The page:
Georgia man to serve less than a year in prison after hit-and-run of four people in Porters Neck

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Aaron Blake Williams
Aaron Blake Williams

NEW HANOVER COUNTY — A Georgia man will serve less than one year in prison in connection with an October 2015 hit-and-run involving four pedestrians near the entrance of the Marsh Oaks community in Porters Neck.

Aaron Blake Williams, 24, pleaded guilty Tuesday in New Hanover County Superior Court to charges of felony hit and run resulting in serious injury or death, four counts of assault with a deadly weapon, reckless driving to endanger, and driving left of center.

Four people – three men and a woman – were walking on the shoulder of Marsh Oaks Drive at about 1:45 a.m., Oct. 10, 2015, when William’s vehicle ran off the road and struck them from behind.

A male called 911 to report that a green SUV had struck the pedestrians, according to Assistant District Attorney Doug Carriker. North Carolina State Highway Patrol investigators later determined that caller to be Williams.

The four pedestrians were not on the street, but in a grassy area near the entrance of the Marsh Oaks neighborhood, Carriker said. He added that Williams returned to the scene to give CPR to the victims.

First responders who arrived on the scene found each of the victims unconscious. Carriker said the victims include: Keith David Hatcher, Francis Meehan, Maurine Meehan and Jeffrey West.

“Their injuries — all of them — had broken bones, they were unconscious, they experienced great pain and suffering,” Carriker said. “Mr. West in particular, was in a coma for nearly a month.”

Laine West, wife of then 51-year-old Jeffrey “Jeff” West, was one of two people to speak following Williams’ plea in court.

“Everything changed that night for our family,” Laine West said.

Laine West had stayed home that night while her husband went out to a local bar with the group, all of whom were close neighbors. She found out her husband was in the hospital from one of her neighbors. But when she got there, she couldn’t find him.

“I could not find Jeff. He was under the name “John Doe” because he was thrown over 50 feet and had no identification on him – it was scattered everywhere.”

When she finally located her husband hours later, she didn’t know if he would live.

“All I knew is that it was bad,” Laine West said.

Jeff West’s major arteries had been severed and he was bleeding internally, Laine West said, adding that she thought she would have to tell her son that his father wasn’t going to make it.

“But by the grace of God and the prayers of this community, friends and family that didn’t happen,” West said. “He survived.”

Jeff West had several injuries, including a fractured pelvis, collapsed lung, lacerated eye, and damage to his organs, and several broken bones.

“You name it he had it,” Laine West said. “Everyone … is just amazed today that he is still walking and moving.”

Though her husband did make it through a long recovery process, Jeff West, a once very active man, cannot run again, Laine West said.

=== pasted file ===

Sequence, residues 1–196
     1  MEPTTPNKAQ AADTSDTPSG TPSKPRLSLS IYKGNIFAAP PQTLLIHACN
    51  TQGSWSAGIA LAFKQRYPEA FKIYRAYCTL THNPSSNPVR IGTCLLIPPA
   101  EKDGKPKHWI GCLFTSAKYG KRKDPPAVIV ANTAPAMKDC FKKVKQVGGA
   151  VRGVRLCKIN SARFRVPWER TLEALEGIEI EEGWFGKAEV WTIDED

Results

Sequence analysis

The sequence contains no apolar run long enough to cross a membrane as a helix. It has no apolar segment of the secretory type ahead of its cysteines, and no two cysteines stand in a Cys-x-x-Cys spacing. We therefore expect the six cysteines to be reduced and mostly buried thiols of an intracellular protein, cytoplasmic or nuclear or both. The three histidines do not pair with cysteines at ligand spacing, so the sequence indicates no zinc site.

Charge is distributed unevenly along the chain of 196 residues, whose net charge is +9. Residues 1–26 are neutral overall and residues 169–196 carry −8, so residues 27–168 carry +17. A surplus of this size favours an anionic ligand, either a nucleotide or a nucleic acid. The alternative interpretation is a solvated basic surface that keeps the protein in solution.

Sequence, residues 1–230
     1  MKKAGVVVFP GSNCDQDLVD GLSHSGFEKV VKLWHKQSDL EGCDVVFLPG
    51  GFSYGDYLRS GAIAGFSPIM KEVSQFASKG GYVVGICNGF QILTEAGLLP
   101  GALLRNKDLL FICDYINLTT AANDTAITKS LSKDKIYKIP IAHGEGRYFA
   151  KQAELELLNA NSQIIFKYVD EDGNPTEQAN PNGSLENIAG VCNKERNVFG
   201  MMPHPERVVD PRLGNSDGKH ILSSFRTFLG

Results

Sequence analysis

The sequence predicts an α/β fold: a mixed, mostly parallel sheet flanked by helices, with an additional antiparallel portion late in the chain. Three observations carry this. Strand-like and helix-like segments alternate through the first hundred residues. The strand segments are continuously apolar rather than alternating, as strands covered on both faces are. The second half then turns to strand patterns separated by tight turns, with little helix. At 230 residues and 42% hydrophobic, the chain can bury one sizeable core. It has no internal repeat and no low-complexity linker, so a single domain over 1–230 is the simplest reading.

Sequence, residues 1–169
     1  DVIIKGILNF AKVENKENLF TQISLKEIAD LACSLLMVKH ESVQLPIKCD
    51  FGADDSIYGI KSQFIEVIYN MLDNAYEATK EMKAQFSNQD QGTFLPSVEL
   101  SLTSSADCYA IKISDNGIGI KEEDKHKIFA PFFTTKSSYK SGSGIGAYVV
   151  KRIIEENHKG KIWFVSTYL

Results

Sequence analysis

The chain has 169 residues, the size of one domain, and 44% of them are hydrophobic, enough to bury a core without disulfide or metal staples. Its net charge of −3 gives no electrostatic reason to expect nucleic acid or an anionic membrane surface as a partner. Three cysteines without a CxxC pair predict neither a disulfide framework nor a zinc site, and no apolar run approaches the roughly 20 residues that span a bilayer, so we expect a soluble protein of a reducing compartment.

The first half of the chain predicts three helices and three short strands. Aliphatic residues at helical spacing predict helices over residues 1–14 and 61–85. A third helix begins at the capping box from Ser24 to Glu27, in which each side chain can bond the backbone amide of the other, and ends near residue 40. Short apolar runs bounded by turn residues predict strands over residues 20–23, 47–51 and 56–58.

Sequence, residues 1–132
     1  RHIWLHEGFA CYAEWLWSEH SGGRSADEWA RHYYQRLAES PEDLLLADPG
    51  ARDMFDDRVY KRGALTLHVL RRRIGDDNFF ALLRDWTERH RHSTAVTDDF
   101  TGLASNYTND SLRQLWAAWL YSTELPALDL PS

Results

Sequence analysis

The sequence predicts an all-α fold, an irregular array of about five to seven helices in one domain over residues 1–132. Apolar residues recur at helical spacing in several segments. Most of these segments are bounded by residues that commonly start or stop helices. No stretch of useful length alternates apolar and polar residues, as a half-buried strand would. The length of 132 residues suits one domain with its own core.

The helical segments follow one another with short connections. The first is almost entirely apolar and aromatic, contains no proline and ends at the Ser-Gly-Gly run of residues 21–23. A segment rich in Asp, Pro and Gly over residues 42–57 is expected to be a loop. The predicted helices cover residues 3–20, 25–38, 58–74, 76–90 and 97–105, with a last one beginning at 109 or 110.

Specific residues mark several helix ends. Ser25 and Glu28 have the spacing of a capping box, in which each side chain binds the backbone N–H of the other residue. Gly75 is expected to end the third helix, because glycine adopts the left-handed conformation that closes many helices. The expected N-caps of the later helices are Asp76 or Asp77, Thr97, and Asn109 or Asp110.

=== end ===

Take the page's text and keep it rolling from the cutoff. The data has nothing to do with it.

“His life is managing his pain, which he will do for the rest of his life,” Laine West said. “This has strained our family financially, physically and emotionally. Every day we wake up and consider ourselves … grateful.”

“We make peace with whatever happens to you today,” Laine West said to the defendant. “We really hope this sends a message to the community.”

Carriker said hit-and-run crimes easily escape detection.

Highway Patrol had little evidence to connect an offender to the crime scene in the early stages of the investigation, Carriker said.  A major break in this case came about a week later, when one of Williams’ co-workers at a local electric company told authorities Williams had confided in him and claimed responsibility for the incident.

The investigation also determined Williams had made a false claim to his insurance company that his vehicle was damaged when he hit a deer in South Carolina. Troopers found his Dodge Ram at a repair shop in South Carolina and seized the vehicle for the investigation.

Receipts were also obtained that showed Williams had been to several bar establishments in the Porter’s Neck and Ogden areas of Wilmington prior to the incident. Williams’ cell phone records were also obtained and revealed Internet searches of local media outlets for the hit-and-run wreck at Marsh Oaks.

“The word just needs to go out that if you are involved in a collision like this your making things much, much, worse for yourself by driving away from the scene,” Carriker said. “People should stay on the scene when they are involved in this kind of collision.”

Williams’ mother also addressed the court after the plea, and sympathized with victims in the case.

Superior Court Judge Ebern T. Watson sentenced Williams 25 to 36 months, which was suspended, and ordered him to serve a 10-month active sentence in the North Carolina Department of Corrections. That will be followed by 60 months of probation.

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